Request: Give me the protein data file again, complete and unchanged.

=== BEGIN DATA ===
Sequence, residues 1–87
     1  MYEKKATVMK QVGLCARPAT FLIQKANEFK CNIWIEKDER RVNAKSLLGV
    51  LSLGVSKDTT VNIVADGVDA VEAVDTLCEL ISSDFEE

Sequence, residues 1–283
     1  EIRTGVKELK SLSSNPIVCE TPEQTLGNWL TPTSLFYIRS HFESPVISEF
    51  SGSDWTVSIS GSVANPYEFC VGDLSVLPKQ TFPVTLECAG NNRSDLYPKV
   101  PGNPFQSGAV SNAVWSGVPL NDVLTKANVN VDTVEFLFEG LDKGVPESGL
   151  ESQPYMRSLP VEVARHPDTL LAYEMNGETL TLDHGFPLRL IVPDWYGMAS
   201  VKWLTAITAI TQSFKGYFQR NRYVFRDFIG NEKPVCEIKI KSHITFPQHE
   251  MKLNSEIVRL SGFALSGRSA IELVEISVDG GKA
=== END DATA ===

Sequence, residues 1–87
     1  MYEKKATVMK QVGLCARPAT FLIQKANEFK CNIWIEKDER RVNAKSLLGV
    51  LSLGVSKDTT VNIVADGVDA VEAVDTLCEL ISSDFEE

Sequence, residues 1–283
     1  EIRTGVKELK SLSSNPIVCE TPEQTLGNWL TPTSLFYIRS HFESPVISEF
    51  SGSDWTVSIS GSVANPYEFC VGDLSVLPKQ TFPVTLECAG NNRSDLYPKV
   101  PGNPFQSGAV SNAVWSGVPL NDVLTKANVN VDTVEFLFEG LDKGVPESGL
   151  ESQPYMRSLP VEVARHPDTL LAYEMNGETL TLDHGFPLRL IVPDWYGMAS
   201  VKWLTAITAI TQSFKGYFQR NRYVFRDFIG NEKPVCEIKI KSHITFPQHE
   251  MKLNSEIVRL SGFALSGRSA IELVEISVDG GKA